ZL1 2dr Coupe
2018 Chevrolet Camaro

2018 Camaro Photos
7.5
Autoblog Rating

Chevy's pony car is a divisive one. It’s fast on the track, but makes sacrifices as a daily driver. One thing’s for sure: it ain’t boring.

Industry
8.5
Few things are as honestly and distinctly American as the 2018 Chevy Camaro SS 1LE. It's big, loud and very, very fast. But, unlike Camaros from two or three decades ago, it's also a world-class performance car. The Camaro just as good through a corner as it is in a straight, especially when equipped with the 1LE handling package. As it always has, competition with the Ford Mustang has kept GM's engineers on their toes and helped deliver the wonderful red and black car you see here. On the SS, the 1LE package will run you $7,000. It's not cheap, but it is transformative. The package comes with 20-inch wheels with Goodyear summer tires, Magnetic Ride Control, an electronic limited-slip differential, Brembo brakes, a front splitter, a spoiler a dual-mode exhaust system, Recaro seats and a heads up display. The only other option on our test car is the $1,300 performance data recorder. Associate Editor Joel Stocksdale: The current Camaro is hands-down, my favorite of the Big Three's pony cars to drive. It seems to get everything right. It has a torquey V8 that sounds amazing. It has a short-throw shifter that's surprisingly flickable. The steering is quick with impressive precision and sensitivity. The smallest inputs translate right to the road, and it's easy to place the car. The seating position is nice and low. The chassis is rock solid, keeping creaks and rattles at bay, and the suspension is well balanced between handling and comfort, especially the magnetic suspension in the 1LE. Oh, and those Recaro seats are superb. They hold you in without squeezing the life out of larger drivers. Now that I've got my gushing out of the way, I should address some issues I have with the Camaro. First, and as always, is the visibility. Now forward visibility isn't too much of an issue once you get rolling. You get absorbed into the driving experience and moving forward is natural and easy. Merging and backing up, though, that's a major pain. The rear blind spots are appalling, and I'm stunned Chevy doesn't include blind spot monitoring as a standard feature on every version of the Camaro. The interior is also disappointingly cheap. It's hard plastics everywhere, along with poor fitting parts such as the door handles. Only higher trims getting some stitched vinyl or faux suede on parts of the interior. At least the design itself is reasonably pleasant, especially those groovy and easy-to-use climate controls around the vents. But at least for me, I can forgive all my gripes about the interior because the Camaro is just so good to drive. Those issues melt away as I slam the gas, shuffle the gears, and steer it through corners. It's just that good. Editor-in-Chief Greg Migliore: This thing is sharp, and driving the Chevy Camaro SS 1LE literally kept me on my toes. With a heavy hair-trigger clutch and tight shifts, this track-bred demon is the opposite of autonomous driving. That's a good thing. It's interactive …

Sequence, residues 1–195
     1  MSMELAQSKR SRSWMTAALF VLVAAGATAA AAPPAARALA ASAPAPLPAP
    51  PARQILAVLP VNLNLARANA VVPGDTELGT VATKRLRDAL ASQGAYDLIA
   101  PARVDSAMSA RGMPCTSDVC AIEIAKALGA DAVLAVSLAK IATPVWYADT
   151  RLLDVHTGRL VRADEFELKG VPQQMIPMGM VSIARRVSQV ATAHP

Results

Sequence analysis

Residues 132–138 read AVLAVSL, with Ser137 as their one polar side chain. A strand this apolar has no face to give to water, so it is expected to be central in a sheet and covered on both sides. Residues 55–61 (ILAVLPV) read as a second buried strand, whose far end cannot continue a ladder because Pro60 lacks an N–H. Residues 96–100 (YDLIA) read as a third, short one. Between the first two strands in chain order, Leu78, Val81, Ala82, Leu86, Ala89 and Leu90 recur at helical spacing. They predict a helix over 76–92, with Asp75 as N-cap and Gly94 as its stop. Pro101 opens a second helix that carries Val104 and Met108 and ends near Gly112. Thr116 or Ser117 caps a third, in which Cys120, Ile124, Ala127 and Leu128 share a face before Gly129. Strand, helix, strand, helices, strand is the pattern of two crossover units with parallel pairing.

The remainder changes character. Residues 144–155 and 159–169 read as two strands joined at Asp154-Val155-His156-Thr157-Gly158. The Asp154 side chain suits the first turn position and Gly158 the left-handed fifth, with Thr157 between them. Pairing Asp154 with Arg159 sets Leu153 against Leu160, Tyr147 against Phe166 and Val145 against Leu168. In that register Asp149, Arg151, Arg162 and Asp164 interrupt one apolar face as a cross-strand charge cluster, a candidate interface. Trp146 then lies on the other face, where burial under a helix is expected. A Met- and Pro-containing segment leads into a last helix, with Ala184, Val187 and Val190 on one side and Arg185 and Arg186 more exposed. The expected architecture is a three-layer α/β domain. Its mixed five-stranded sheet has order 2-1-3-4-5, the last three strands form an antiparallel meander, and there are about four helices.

Full Review